Simplicity is Beauty

We ascribe beauty to that which is simple; which has no superfluous parts; which exactly answers its end; which stands related to all things; which is the mean of many extremes. It is the most enduring quality, and the most ascending quality.

– Emerson

I Wonder

Is it better to leave a legacy —

a solid house,

a cleared field,

a stack of debts,

a recipe for pie,

a gentle child,

a good story,

a jar of buttons —

or to be swept away with the infinite

anonymous and cast into the stars?

 

 

J. Kyle Kimberlin
Creative Commons Licensed

Old Hawks

The red-tailed turns on a thermal
above the wild brushy ground
and cries.

There is nothing you need.
Nothing is precious but time.
Nothing is worth dying for but love.
Nothing is worth living for but peace.
Nothing belongs to you but now.

I have wondered something
for so many years:

Where do old hawks go to die?

 

J. Kyle Kimberlin
Creative Commons Licensed

 

Equinox

On Saturday afternoon, Brookie and I went to a park here in Carpinteria, which overlooks the ocean. We took a little walk as the sun lowered into the trees, then returned to the car to await the moment of the equinox – the end of summer and the start of fall.

Brookie likes watching sunsets.

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It is done.

Equinox_2018-09-2218.54.06

 

Kevin Webb

I’ve just learned through Facebook that my childhood friend and classmate Keven Webb has passed away. Kevin worked for the US State Department and all I know so far is that he died at his embassy post in Madagascar.

I wish I knew more about Kevin. I know he loved to travel, enjoyed music and comedy. He didn’t join in the chaotic political tribalism and hysterical celebration of random opinion that our culture is devolving to; he kept his head above the fray and stayed positive. He shared what he loved, not what he hated. Which I thought showed integrity, self-knowledge, and mature circumspection.

His life between school and middle age in social media is largely a mystery to me because we didn’t keep in touch. And I think that’s unfortunate. We didn’t go all through school together; Kevin went to high school somewhere else. Those who’ve known him as an adult have likely known him as quiet but friendly and compassionate. We don’t really change, you know? His friends in recent times have my sympathy, and in a sense, my envy.

We didn’t finish the race together but we started it just a few feet apart. Kevin is second row, far right. I’m second row, third from the left.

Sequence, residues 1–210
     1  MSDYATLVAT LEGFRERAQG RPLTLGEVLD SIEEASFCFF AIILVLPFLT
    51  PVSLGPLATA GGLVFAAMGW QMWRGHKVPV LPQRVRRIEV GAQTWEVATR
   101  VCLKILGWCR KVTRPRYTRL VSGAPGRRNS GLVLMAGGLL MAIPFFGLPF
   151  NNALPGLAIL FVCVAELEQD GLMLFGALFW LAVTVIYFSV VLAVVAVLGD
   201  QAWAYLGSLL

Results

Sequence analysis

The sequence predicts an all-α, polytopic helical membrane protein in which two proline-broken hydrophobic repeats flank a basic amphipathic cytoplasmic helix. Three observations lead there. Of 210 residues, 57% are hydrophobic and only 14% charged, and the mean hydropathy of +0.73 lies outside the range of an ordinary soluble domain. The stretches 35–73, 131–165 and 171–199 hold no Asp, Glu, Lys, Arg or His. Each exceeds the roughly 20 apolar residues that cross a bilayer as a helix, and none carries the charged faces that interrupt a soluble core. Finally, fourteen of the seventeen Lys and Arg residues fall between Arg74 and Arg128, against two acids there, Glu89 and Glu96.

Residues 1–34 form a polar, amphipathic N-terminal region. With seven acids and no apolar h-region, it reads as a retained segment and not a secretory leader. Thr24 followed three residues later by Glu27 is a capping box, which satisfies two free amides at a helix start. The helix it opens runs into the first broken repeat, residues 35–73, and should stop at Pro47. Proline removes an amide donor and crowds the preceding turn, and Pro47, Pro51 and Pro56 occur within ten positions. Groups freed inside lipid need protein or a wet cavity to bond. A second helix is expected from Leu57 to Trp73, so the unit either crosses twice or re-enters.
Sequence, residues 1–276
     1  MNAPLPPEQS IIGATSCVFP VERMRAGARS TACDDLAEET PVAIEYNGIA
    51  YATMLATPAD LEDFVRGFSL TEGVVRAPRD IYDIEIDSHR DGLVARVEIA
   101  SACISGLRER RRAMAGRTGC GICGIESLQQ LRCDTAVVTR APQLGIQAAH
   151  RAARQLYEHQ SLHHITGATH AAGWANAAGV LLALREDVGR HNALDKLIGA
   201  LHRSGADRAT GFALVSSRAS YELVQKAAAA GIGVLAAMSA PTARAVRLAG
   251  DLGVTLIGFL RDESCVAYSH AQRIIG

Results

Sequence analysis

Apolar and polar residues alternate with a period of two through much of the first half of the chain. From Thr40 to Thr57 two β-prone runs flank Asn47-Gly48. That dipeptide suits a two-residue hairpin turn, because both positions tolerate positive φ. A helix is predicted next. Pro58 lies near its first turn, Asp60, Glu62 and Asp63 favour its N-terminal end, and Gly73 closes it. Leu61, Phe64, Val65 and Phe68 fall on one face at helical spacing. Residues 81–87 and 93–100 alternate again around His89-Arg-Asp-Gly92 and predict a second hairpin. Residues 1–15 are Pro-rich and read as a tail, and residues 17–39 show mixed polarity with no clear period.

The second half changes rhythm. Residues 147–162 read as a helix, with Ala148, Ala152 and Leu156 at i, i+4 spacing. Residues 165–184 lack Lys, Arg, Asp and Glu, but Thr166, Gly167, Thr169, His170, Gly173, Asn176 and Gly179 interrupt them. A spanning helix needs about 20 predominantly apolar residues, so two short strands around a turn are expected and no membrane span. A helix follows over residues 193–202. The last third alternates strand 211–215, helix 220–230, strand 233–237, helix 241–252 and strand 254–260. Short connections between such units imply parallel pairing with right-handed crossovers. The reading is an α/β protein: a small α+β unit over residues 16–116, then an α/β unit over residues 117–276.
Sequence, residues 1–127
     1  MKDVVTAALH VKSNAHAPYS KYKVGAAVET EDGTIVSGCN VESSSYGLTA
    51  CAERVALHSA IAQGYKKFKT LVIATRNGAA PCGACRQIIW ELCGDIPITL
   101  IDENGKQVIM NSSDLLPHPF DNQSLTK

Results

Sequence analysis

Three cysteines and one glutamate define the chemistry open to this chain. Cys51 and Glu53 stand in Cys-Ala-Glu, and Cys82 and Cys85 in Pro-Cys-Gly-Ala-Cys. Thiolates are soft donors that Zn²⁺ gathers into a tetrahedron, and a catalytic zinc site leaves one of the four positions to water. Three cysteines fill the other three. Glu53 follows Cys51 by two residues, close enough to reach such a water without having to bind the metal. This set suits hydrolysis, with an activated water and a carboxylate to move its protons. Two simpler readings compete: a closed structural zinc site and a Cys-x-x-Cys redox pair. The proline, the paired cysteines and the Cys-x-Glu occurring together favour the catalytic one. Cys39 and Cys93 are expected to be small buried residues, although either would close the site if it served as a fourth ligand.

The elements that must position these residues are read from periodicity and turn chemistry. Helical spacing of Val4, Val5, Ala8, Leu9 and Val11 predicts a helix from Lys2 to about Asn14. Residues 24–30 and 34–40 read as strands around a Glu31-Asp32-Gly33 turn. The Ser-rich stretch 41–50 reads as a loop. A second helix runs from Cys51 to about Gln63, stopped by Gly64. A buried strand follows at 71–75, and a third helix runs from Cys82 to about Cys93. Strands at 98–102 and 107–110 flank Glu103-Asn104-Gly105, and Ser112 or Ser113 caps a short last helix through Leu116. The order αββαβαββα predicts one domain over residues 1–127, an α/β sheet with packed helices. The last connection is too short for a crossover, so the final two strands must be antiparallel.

… lessons done, my friend.

Mrs Wilsons Class

Mrs. Lottie Wilson’s kindergarten class, Canalino School, 1966-1967.

The Trick

The trick, for me, is carving out time for things and trying to do them with some wit…. I am not ready for the world until I’ve had my 45 minutes with four espressos in the back garden with earbuds in…. I spend a lot of time on my own, and mostly in my office. You can emulate these obvious role-model traits by excavating yourself a cave in your back garden or taking over a room in your apartment, fitting it with uncomfortably bright lights and way too many screens, filling all the spaces with books and skulls, playing nothing but music that sounds like it’s emanating from a dead moon, and waiting for everyone to leave you alone forever, and then dying in seclusion and being eaten by cats.

– Warren Ellis

I suppose we all have to find what works best for us. I tend to stay up too late, hunched over my notebook, getting frustrated, and muttering great philosophical maxims like Sartre’s “Hell is other people.”  But for a long time I’ve wished to get a grip, buckle down, pull up my britches, etc., and try Toni Morrison’s approach.

“I always get up and make a cup of coffee while it is still dark-it must be dark—and then I drink the coffee and watch the light come… Writers all devise ways to approach that place where they expect to make the contact, where they become the conduit, or where they engage in this mysterious process. For me, light is the signal in the transition. It’s not being in the light, it’s being there before it arrives. It enables me, in some sense.”

– Toni Morrison

So what works – or, like me, maybe sometimes almost works – for you?